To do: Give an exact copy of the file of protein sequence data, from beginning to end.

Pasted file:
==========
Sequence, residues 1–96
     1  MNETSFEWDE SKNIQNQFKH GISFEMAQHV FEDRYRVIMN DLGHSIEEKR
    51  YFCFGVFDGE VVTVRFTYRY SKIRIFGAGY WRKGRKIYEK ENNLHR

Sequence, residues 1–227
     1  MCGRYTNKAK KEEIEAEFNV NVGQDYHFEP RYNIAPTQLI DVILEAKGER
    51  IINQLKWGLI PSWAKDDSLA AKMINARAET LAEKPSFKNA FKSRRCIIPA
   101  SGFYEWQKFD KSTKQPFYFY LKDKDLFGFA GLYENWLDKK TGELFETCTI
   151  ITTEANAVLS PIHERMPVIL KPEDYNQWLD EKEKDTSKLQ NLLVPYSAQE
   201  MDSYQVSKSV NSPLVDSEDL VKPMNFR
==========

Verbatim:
Sequence, residues 1–96
     1  MNETSFEWDE SKNIQNQFKH GISFEMAQHV FEDRYRVIMN DLGHSIEEKR
    51  YFCFGVFDGE VVTVRFTYRY SKIRIFGAGY WRKGRKIYEK ENNLHR

Sequence, residues 1–227
     1  MCGRYTNKAK KEEIEAEFNV NVGQDYHFEP RYNIAPTQLI DVILEAKGER
    51  IINQLKWGLI PSWAKDDSLA AKMINARAET LAEKPSFKNA FKSRRCIIPA
   101  SGFYEWQKFD KSTKQPFYFY LKDKDLFGFA GLYENWLDKK TGELFETCTI
   151  ITTEANAVLS PIHERMPVIL KPEDYNQWLD EKEKDTSKLQ NLLVPYSAQE
   201  MDSYQVSKSV NSPLVDSEDL VKPMNFR